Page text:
Under an ETS, often called a “cap-and-trade” programme, the government sets an overall cap on allowed emissions, distributes allowances to companies, then lets the market determine the pricing as companies buy and sell allowances based on their own emissions. In this way, it is hoped that companies will cut their own emissions and provide funds for emissions-reduction projects, including in forestry.

Impetus has also been given to the Brazilian initiative by the expected growth in the international market in carbon credits, both in regulated schemes (also known as mandatory or compliance markets) and voluntary programmes. Given the country’s potential to provide nature-based solutions that can be carbon negative, it is expected that a rigorous carbon market in Brazil could receive billions of dollars from international companies and other actors globally who wish to offset their carbon footprint by contributing to forest preservation.

The consultancy firm McKinsey has estimated that Brazil could receive USD 15 billion from the voluntary market alone by 2030. Brazil’s International Chamber of Commerce is even more ambitious, claiming that USD 120 billion in revenue from both regulated and voluntary markets is possible in the same period.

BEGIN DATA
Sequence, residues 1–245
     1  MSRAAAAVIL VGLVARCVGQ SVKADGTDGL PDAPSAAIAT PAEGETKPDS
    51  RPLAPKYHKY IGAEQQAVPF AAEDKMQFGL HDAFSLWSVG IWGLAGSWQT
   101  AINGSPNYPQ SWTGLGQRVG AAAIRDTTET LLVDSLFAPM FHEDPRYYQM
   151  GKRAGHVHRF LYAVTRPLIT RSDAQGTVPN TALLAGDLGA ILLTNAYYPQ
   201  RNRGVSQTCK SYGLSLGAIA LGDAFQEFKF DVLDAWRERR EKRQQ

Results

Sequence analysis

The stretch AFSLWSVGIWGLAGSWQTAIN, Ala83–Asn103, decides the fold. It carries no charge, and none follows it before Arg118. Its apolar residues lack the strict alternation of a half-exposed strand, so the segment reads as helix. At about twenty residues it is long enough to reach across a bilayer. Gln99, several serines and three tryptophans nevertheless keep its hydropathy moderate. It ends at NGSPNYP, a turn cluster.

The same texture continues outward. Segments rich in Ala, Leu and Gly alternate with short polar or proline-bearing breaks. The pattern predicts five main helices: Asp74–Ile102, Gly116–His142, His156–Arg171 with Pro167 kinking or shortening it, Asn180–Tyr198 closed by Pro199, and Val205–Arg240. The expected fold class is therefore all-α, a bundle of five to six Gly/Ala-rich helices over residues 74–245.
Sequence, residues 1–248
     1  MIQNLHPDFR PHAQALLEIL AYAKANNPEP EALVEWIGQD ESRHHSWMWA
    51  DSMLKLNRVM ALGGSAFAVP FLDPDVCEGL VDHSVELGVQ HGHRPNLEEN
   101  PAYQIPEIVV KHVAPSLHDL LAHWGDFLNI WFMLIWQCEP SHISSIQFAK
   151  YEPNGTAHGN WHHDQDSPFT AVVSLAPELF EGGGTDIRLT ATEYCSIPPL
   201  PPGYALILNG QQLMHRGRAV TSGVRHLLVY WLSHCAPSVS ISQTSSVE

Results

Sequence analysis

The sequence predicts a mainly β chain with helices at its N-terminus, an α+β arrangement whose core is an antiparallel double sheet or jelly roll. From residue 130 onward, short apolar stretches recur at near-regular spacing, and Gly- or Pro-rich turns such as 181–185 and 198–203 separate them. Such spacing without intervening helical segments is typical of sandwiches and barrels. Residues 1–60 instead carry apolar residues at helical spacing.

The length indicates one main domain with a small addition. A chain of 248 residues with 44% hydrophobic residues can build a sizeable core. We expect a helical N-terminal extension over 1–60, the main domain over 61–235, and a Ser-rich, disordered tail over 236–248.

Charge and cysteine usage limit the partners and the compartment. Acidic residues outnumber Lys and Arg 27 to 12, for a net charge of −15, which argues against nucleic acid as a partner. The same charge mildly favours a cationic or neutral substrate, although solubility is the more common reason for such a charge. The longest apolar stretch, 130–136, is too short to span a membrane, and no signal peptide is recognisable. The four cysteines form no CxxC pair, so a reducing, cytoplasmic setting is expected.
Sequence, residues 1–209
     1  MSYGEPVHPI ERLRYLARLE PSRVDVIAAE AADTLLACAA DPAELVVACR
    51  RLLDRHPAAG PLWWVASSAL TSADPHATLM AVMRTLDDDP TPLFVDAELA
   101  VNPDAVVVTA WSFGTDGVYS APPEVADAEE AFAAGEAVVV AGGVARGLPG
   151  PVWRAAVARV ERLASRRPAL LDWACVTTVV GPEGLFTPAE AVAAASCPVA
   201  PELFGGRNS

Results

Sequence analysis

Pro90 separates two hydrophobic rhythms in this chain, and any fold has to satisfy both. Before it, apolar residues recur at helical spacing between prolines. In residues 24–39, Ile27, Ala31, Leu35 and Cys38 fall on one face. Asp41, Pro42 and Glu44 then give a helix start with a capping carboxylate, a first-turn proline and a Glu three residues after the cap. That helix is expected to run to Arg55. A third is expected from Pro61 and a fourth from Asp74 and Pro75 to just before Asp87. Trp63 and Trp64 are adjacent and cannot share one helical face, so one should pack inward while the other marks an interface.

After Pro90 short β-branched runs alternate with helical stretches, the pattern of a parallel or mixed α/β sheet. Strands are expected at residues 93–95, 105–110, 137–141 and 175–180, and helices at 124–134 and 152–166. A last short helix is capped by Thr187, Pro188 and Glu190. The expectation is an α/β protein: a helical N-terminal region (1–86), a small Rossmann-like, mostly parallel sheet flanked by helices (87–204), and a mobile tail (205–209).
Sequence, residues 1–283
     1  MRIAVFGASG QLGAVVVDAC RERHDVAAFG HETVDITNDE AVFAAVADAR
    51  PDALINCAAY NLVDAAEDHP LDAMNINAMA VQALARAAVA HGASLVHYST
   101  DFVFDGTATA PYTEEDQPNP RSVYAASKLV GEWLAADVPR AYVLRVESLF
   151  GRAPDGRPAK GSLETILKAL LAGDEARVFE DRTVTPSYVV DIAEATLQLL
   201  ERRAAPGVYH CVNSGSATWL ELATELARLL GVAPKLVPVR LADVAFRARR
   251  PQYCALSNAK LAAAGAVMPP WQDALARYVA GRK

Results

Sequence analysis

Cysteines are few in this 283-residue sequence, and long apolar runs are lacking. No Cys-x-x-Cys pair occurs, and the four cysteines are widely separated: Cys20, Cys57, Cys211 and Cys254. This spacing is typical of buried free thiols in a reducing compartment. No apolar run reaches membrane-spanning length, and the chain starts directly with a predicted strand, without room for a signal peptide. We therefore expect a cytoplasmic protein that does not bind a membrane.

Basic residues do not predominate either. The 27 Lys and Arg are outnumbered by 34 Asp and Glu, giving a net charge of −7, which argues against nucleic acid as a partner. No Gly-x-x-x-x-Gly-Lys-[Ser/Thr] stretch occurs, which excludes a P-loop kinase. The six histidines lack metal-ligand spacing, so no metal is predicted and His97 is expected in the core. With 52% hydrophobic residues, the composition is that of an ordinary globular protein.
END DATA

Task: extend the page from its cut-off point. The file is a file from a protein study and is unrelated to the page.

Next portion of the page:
While the economic upside is clear, much work remains to be done to ensure the carbon market is created in way that is transparent, rigorous and ensures genuine positive action. As the bill continues to pass between both houses of the Brazilian congress, one issue has proven particularly contentious: the complete exemption of the agriculture sector from any future involvement in the programme, despite its significant footprint. Brazilian beef is a notable omission, with studies estimating that, if it were ranked alongside countries, deforestation and emissions from livestock would be the seventh largest emitter of greenhouse gases on the planet.

man observing burnt and smoking trees
A firefighter in the Amazon rainforest in Brazil. The country’s emissions from deforestation and agriculture contribute to it being one of the world’s largest emitters of greenhouse gases (Image: Vinícius Mendonça / Ibama, CC BY-SA)

The issue is complex. In Europe, rural producers are not tracked in the bloc’s carbon market. In part, this is because of challenges in tracking emissions from farms, but according to specialists this should not justify the exemption of Brazil’s farms from the draft law.

“The exclusion of agriculture is not justified at this time, just as no other sector should be excluded now,” says Caroline Dihl Prolo, an environmental lawyer in Brazil who specialises in carbon markets. “The law should be comprehensive to all sectors, so that regulation can later define which sectors will be addressed initially. But the exclusion of agriculture in the law at this stage was the result of a lot of political pressure from the agribusiness sector.”

Credibility and land grab concerns

The government intends for the proposed ETS to cover companies emitting over 10,000 tonnes of carbon dioxide equivalent annually, across major polluting sectors such as steel, cement, chemicals, and aluminium. Companies with emissions higher than the threshold would need to prove they hold the required quotas, and if necessary, buy them from other firms or carbon projects.

The proposed Brazilian law contains one innovation not currently included in the European ETS.